… Patriarch of Constantinople. Though he does look a bit like Dumbledore at times, especially when he twinkles his eyes at people. (But I think His All Holiness Bartholomew is a much better person than I think Dumbledore is.)
On Thursday we went to Utrecht where His All Holiness would be sitting on the bishop’s throne at Old Catholic Vespers. I like Old Catholic Vespers, in spite of the organ (too loud, and too equal-tempered as well, so to my ears always vexingly out of tune). But responsories! And the Extracurricular Choir School, consisting of seven girls and two boys from about eight to about eleven who didn’t only look very cute in their surplices but also sang absolutely in tune, very sweetly. Saint Gertrude’s Cathedral (I have to ask someone which Gertrude it is, I hope Gertrude of Nivelles who is the patron saint of cats, gardeners and travellers and protects against rats and mental illness) was full to the brim, half with assorted clergy and choir, half with people who had sent mail to the Old
Catholic office saying they’d like to be there. Tertia turned up without a reservation but was let in anyway when she said she was with her parents.
My other half was alert enough to move from somewhere in the middle of the row to an aisle seat so we could see the procession pass from close up. And a splendid procession it was, with at least four bishops counting the Patriarch, the children’s choir, the adult choir, lots of other people in various clerical dress, a couple of people in incongruous mufti, a woman carrying the cross in front of the Old Catholic archbishop of Utrecht. I told Tertia that when I was about her age, I was that woman; in fact I was four or five years older than Tertia is now, it was the previous archbishop or even the one before that, and I was already becoming Orthodox. (It was great at the time, though, to dress in cassock and surplice and do something useful in a service. I hope that woman felt as honoured as I did.)
At the end, the archbishop of Utrecht held a completely unmemorable talk, and the archbishop of Constantinople a much longer and more memorable talk, about the unity of churches. I did feel like saying “you don’t have to hold your whole lecture!” like Fr T said “you don’t have to read the whole Bible!” to an overenthusiastic reader in the Easter night. We hadn’t realised that there was an hour and a half between Vespers and the lecture, so we took Tertia to the Chinese restaurant near the station. (The food deserves a post of its own.) Then we were so tired, and so stiff from the Old Catholic pews, that we decided to go home instead of sitting out the lecture which will undoubtedly be online sometime and getting home probably by the last train.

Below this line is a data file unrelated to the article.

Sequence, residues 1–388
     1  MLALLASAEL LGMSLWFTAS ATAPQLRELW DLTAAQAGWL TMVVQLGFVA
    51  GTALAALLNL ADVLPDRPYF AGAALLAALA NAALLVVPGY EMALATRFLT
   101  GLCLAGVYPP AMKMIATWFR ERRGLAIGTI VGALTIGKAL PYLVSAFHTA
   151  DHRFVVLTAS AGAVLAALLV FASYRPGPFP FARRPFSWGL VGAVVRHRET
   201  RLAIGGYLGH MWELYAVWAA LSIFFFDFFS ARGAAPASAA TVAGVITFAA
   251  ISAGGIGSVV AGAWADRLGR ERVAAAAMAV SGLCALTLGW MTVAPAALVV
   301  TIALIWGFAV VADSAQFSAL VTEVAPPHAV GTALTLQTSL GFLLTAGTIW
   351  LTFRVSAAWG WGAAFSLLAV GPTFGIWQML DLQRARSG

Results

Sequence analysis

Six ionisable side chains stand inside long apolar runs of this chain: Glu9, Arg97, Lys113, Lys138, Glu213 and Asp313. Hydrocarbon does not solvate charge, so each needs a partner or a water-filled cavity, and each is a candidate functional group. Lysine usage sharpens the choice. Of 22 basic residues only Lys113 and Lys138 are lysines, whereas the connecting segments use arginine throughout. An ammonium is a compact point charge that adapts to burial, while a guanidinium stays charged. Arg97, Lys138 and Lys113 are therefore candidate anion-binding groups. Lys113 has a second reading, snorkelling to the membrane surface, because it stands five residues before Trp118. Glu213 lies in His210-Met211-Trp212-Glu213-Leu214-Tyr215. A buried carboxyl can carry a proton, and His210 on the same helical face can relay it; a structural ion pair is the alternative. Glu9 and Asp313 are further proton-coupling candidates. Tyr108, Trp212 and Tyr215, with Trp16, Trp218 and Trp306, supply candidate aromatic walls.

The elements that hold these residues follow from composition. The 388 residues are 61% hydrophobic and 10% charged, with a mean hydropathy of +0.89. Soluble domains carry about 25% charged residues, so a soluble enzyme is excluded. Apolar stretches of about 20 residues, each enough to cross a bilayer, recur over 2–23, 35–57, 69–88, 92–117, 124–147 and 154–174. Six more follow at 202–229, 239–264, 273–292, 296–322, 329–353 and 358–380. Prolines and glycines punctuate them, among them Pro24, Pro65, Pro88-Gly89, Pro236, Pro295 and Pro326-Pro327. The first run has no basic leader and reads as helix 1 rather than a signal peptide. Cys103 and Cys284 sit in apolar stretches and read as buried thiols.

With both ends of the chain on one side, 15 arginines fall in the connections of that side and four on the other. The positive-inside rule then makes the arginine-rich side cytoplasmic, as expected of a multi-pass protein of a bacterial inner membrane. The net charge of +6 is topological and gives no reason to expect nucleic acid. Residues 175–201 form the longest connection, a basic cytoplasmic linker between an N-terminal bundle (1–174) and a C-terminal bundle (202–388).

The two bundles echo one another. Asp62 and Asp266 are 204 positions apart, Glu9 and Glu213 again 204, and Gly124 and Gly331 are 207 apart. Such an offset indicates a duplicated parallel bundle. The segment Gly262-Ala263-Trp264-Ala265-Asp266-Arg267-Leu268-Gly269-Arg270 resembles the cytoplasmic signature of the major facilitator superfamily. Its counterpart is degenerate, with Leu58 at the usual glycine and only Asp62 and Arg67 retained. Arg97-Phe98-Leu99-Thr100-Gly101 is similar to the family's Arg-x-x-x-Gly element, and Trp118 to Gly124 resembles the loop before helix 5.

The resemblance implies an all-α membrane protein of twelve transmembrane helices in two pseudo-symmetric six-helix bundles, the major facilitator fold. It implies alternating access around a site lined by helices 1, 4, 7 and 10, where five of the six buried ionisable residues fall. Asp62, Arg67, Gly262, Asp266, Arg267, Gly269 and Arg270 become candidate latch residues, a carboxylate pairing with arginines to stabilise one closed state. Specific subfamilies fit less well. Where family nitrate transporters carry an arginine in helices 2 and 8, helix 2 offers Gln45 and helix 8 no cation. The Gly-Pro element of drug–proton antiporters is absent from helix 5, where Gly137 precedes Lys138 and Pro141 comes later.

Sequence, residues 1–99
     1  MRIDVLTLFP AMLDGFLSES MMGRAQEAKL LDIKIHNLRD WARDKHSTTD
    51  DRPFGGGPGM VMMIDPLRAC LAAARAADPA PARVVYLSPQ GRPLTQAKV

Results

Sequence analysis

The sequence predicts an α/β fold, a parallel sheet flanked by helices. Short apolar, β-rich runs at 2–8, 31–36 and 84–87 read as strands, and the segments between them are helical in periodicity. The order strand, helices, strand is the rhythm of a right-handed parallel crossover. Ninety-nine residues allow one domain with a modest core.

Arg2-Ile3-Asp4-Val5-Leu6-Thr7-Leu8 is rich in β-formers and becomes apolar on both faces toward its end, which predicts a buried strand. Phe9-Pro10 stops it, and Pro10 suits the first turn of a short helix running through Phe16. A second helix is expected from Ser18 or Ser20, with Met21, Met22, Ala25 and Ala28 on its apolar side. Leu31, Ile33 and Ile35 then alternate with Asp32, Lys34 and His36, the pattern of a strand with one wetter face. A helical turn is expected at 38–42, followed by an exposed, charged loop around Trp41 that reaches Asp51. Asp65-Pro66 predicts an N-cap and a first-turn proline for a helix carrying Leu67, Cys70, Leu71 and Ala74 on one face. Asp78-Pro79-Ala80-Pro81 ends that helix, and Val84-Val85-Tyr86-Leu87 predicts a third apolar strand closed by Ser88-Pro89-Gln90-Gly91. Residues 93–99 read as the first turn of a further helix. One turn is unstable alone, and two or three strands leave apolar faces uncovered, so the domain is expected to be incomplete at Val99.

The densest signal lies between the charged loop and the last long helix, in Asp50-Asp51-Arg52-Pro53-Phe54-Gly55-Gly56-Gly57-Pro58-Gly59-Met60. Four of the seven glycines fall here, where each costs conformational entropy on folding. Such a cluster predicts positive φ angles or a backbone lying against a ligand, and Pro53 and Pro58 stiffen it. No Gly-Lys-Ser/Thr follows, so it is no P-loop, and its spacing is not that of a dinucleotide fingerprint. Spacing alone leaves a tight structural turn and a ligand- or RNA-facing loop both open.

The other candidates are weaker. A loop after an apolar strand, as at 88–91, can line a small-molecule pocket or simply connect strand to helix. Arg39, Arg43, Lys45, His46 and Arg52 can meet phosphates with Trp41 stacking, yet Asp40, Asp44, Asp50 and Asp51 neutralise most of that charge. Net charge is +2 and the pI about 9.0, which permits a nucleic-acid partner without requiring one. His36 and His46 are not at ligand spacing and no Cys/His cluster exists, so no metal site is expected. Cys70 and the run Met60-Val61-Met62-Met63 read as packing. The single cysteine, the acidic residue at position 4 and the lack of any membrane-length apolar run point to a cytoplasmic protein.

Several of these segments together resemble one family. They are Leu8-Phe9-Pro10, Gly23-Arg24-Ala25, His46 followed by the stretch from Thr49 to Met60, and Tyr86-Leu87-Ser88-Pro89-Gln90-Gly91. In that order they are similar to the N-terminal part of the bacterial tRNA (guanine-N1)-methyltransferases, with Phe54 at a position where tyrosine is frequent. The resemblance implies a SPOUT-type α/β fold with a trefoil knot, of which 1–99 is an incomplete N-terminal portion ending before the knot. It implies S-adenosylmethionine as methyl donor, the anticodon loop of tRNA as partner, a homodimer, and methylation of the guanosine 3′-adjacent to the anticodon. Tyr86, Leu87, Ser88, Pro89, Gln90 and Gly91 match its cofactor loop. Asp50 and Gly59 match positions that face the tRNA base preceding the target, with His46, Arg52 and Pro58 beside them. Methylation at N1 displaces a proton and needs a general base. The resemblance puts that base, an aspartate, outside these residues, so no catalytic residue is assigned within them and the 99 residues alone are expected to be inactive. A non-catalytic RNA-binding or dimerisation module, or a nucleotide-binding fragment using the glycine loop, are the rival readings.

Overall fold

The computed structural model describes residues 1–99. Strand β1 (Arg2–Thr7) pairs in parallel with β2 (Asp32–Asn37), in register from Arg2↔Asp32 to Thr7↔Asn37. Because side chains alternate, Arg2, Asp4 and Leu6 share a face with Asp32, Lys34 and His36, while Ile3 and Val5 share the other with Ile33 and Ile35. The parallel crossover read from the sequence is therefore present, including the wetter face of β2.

But I was impressed with the Patriarch already. A short man, about 5’4″ I think (I’m 5’5″) but not by any means a little man, very much there.
We also wanted to go to Matins and Liturgy in Rotterdam, starting at 9am which is impossible by public transport from Deventer on a Sunday morning, so we’d reserved a hotel — ridiculously cheap, and it wasn’t until I’d had an actual dream about it that I realised that this was probably because Saturday was the celebration of Kingsday (the king’s birthday is the 27th but it’s traditional to have it on the Saturday if it falls on Sunday) and nobody would
be wanting hotel rooms. Also, it caused day tickets not to be valid on Saturday, and museums and things to be closed, so our plan to make a museum trip out of it fell by the wayside. But we did go to to the zoo (also deserves
a post of its own). When we arrived at the hotel we immediately got upgraded to a “junior room” instead of the “standard room” we’d booked, three grades up according to the desk clerk. The bed was so wide that we lost one another during the night, because we’re both used to sleeping near the edge; we could have accommodated a third person between us.